Date of Award

6-2008

Degree Name

MS in Engineering - Biomedical Engineering

Department

Biomedical and General Engineering

Advisor

Lily Laiho

Abstract

The growing field of tissue engineering requires the design and verification of an environmentally-controlled sterile incubator volume. As this technology advances and the field of cell printing emerges, the need for such a volume increases. This volume shall maintain post-deposition cell viability of printed cells, by maintaining volume sterility and controlling temperature. This becomes more important as more delicate cells are used. Sterility maintenance prevents contamination of the cells, while temperature regulation maintains the optimum temperature for cell viability. Several existing incubator systems are capable of regulating environmental conditions, but none are designed to function with a moving cell deposition head.

The Sterile Incubator Volume System was developed to accommodate cell printing needs. The primary challenge was to create a sterile volume, with environmental conditions suitable for cell growth; it must interface with a moving deposition head. Numerous engineering practices were included in this design process: defining design inputs and outputs, brainstorming, using decision matrices, considering manufacturing constraints, prototyping, and testing.

The final design consists of a portable, self-contained volume capable of maintaining cell viability for at least 4 hours. This environment features feedback-regulated temperature, which is controlled via an external feedback loop by a proportional-integral-derivative (P-I-D) temperature controller. This configuration optimizes temperature regulation while minimizing the risk of contamination from external elements by placing the heating element external to the sterile volume. The volume is compact (6" x 6" x 2"), with an easily removable snap-fit lid for simple assembly and disassembly in a sterile hood. A latex cover maintains sterility inside the container while allowing adequate movement of the deposition syringe. A septum permits the syringe to penetrate the latex and be removed without compromising the interior sterility of the volume.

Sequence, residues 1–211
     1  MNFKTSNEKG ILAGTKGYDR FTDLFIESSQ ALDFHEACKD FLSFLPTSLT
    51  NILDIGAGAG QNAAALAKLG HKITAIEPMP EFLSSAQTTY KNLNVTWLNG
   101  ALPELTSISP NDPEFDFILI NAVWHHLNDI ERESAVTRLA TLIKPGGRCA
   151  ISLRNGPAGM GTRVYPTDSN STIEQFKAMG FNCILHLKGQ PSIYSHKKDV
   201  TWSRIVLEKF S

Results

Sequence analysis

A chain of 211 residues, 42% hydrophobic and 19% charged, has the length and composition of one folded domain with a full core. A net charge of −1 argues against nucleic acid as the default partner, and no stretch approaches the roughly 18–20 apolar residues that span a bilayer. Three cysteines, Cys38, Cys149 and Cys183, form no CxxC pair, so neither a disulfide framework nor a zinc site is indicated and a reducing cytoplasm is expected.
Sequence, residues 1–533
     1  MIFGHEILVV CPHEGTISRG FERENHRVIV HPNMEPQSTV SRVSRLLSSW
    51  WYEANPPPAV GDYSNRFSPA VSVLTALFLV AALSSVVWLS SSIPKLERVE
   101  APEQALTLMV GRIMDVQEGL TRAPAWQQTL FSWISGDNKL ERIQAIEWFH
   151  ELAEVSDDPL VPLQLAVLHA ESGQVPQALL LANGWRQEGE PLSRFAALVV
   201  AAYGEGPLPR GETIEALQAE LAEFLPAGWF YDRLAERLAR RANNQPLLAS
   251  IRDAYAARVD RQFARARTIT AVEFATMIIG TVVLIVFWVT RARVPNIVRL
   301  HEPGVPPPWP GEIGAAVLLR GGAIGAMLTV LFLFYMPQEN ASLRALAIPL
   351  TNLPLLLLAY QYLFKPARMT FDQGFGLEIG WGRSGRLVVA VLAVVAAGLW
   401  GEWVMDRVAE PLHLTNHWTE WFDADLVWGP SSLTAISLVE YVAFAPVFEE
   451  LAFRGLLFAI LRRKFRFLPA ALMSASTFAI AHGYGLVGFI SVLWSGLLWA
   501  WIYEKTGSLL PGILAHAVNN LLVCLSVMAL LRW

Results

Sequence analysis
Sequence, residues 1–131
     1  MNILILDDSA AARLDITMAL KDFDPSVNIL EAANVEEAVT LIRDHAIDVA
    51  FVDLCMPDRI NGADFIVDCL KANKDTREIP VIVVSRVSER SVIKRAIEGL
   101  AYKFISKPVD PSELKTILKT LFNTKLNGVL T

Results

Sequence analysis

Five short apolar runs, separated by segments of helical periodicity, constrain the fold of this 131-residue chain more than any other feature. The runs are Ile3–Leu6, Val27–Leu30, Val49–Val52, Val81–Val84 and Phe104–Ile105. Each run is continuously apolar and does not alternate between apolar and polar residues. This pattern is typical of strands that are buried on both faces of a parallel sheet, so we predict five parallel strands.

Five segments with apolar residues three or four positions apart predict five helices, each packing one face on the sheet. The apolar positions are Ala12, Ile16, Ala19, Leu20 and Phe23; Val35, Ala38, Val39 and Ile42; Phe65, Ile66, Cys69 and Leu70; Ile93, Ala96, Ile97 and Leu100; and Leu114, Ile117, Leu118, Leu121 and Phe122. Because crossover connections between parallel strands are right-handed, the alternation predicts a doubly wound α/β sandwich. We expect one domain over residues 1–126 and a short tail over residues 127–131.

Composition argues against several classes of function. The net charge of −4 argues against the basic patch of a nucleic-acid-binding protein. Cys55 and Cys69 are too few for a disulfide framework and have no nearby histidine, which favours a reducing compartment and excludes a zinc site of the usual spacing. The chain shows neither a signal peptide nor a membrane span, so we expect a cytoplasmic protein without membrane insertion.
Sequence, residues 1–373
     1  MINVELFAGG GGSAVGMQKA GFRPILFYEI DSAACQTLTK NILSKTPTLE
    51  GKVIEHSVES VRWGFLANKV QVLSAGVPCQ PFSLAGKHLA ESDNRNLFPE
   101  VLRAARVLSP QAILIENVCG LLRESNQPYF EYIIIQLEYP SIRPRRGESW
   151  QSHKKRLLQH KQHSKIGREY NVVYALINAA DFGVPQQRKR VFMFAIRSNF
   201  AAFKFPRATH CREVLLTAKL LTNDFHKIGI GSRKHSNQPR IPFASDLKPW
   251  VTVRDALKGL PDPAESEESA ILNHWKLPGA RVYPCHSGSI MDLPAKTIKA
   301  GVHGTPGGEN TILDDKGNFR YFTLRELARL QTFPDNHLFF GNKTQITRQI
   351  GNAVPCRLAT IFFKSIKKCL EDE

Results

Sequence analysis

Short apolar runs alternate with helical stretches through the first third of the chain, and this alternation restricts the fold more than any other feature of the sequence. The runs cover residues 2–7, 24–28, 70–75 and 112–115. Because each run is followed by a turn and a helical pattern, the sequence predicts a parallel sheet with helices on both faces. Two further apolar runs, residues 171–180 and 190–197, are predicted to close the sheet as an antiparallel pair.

The design was verified through a series of tests, including temperature and pH regulation, resterilizability, evaporation, cell viability and systems integration trials. Temperature, pH, resterilzability and evaporation tests yielded quantitative data; while the cell viability and systems integration tests compared cells from the Sterile Incubator Volume System to control cells (from a commercial incubator). These tests verified that the system can maintain cell viability for up to 4 hours; it follows that the allowable cell print time will increase, due to optimized conditions for the cells during deposition and experimentation. These trials found cell viability in the Sterile Incubator Volume System to be comparable to cells from the commercial incubator. This design is simple, autonomous, and can be integrated into most existing tissue engineering and cell culture experiments with minor changes.

The potential for maintaining cell viability could be further enhanced by future developments, including humidity and carbon dioxide regulation, expanding the volume size, and creating additional print-head interface variations to increase the diversity of the printed assemblies. These potential enhancements must consider the design intent and simplicity. The design of this sterile incubator volume system is an important step in improving tissue engineering technology and the types of tissues that can be engineered.

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